A new world of work
Written By - Nathan Green - August 03,2020
A new world of work
As lockdown restrictions ease, the general consensus is that the government’s furlough scheme has only delayed inevitable redundancies. But many working in legal recruitment remain cautiously optimistic, reports Maria Shahid
Many solicitors are uneasily contemplating what life will be like in the ‘new normal’. Some will certainly be affected by the winding down of the government’s job retention (furlough) scheme, which is set to end in October.
‘There is definitely a level of insecurity about potential redundancy evident in the lawyers coming to see us,’ says Duane Cormell of Realm Recruit.
While the general consensus is that the scheme has merely delayed redundancies, recruiters believe the impact of Covid will be mitigated by a permanent move to a more flexible workforce – both in terms of hours worked and location.
‘Inevitably, we have moved from a candidate-driven market to a vacancy-driven one. But I haven’t heard about the level of redundancies replicating what happened in the 2008 downturn,’ notes Cormell.
For many in private practice, lockdown has inevitably led to a significant drop in fee income. Some stats have been apocalyptic. A Law Society survey of 8,000 law firms conducted in the first weeks of the pandemic found that 63% of sole practitioners and 71% of firms with four partners or fewer said the drop in earnings could lead to their permanent closure by the autumn.
Property and conveyancing advice forms the backbone of the country’s high street practices. As house sales came to a standstill, so did instructions. Moreover, many practices were simply not geared up to continue working remotely.
‘The legal market has been hit quite hard,’ notes Mark Bailey, associate director in the legal division at Sellick Partnership. ‘Traditional high street firms are generally not set up for remote working, and the drop in the number of instructions in property as well as immigration, along with the passing trade that high street firms are traditionally so reliant on, has meant that their businesses were fundamentally affected.’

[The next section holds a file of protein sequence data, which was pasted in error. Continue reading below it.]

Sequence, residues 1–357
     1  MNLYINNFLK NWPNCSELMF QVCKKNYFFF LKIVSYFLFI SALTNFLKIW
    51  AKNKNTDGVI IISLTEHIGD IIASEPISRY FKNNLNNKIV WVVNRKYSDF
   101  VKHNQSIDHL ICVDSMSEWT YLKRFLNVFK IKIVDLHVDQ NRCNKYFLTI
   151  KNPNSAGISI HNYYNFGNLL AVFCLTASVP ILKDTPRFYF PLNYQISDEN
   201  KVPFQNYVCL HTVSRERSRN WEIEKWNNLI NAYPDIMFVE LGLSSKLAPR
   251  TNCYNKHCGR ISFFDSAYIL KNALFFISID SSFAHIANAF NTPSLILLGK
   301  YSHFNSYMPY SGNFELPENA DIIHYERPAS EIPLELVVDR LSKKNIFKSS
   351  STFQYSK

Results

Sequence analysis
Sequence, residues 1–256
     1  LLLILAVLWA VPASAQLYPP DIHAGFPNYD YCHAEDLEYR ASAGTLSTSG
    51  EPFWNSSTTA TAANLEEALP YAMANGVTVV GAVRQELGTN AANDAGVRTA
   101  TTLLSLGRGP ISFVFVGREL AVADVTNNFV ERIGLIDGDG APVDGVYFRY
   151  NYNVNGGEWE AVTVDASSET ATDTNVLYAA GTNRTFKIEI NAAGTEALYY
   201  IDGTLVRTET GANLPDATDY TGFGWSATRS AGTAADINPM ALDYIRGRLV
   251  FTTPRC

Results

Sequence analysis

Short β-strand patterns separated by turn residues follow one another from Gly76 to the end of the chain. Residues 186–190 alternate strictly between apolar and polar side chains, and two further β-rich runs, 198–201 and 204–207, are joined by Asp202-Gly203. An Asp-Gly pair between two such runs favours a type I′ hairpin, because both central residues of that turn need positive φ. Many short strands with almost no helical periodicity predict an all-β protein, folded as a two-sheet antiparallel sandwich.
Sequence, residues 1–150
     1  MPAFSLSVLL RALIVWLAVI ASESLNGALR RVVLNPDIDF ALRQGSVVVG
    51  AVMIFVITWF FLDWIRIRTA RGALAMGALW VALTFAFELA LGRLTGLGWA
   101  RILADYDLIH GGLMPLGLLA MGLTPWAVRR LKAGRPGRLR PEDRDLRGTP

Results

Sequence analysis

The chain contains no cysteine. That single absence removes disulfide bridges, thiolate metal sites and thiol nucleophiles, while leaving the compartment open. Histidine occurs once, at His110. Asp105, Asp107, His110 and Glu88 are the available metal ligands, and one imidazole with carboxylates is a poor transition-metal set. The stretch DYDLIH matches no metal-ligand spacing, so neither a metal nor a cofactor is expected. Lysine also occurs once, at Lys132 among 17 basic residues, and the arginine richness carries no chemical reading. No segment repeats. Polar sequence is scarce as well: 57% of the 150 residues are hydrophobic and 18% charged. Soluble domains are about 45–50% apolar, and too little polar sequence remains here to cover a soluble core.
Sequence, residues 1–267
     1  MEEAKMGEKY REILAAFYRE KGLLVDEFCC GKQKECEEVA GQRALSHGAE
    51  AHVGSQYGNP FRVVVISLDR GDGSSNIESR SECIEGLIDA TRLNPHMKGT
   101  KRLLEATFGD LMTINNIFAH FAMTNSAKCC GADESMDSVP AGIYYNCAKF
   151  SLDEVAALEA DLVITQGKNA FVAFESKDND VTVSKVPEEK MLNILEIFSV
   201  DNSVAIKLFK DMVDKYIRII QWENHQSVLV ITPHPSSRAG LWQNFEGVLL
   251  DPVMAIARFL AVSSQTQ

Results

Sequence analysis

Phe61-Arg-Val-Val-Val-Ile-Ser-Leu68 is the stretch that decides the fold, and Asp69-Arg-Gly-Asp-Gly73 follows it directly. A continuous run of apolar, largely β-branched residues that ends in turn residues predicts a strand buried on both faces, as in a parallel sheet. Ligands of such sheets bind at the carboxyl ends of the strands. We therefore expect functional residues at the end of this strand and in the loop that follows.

CV-Library.co.uk noted at the beginning of May that the number of legal job vacancies fell by 75% in March and April. ‘The recruitment market went very quiet at the start of the lockdown, although we are beginning to see a marked return to optimism,’ says Cormell.
Bailey notes that while some transactional work has decreased, other practice areas have seen an increase in work, notably employment. There has been a steady flow of enquiries relating to the furlough scheme, potential redundancies and work-from-home applications.
In June market commentators were predicting pent-up demand for housing would lead to a surge of conveyancing instructions over the late summer. Property listing website Zoopla, for example, reported that new UK sales in the previous month were already close to pre-lockdown levels. Since then, however, a tightening of mortgage lending criteria has set matters back.
Recruiters believe any surge is likely to be met initially by redeploying existing staff from other areas of practice where possible, and by bringing existing staff members out of furlough. Hiring new fee-earners is less likely. Indeed, at the end of May a number of professional bodies, including the Law Society and Conveyancing Association, wrote to chancellor Rishi Sunak asking for greater flexibility in the furlough scheme. They wanted firms to be able to take existing staff in and out of furlough on a weekly rather than three-weekly basis to cope with expected increases in demand for legal advice.
Family lawyers are also expecting an influx of instructions as the lockdown restrictions ease, with data from China and Italy suggesting an increase in divorce proceedings after restrictions were lifted.
Litigation and restructuring practices are also cautiously upbeat, as is a traditionally countercyclical insolvency sector which is set to be very busy as government support initiatives are gradually withdrawn later in the year.